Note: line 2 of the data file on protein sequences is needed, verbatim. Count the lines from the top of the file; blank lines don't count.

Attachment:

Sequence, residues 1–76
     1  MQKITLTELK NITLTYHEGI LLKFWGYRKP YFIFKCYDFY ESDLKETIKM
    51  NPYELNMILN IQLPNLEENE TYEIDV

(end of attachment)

     1  MQKITLTELK NITLTYHEGI LLKFWGYRKP YFIFKCYDFY ESDLKETIKM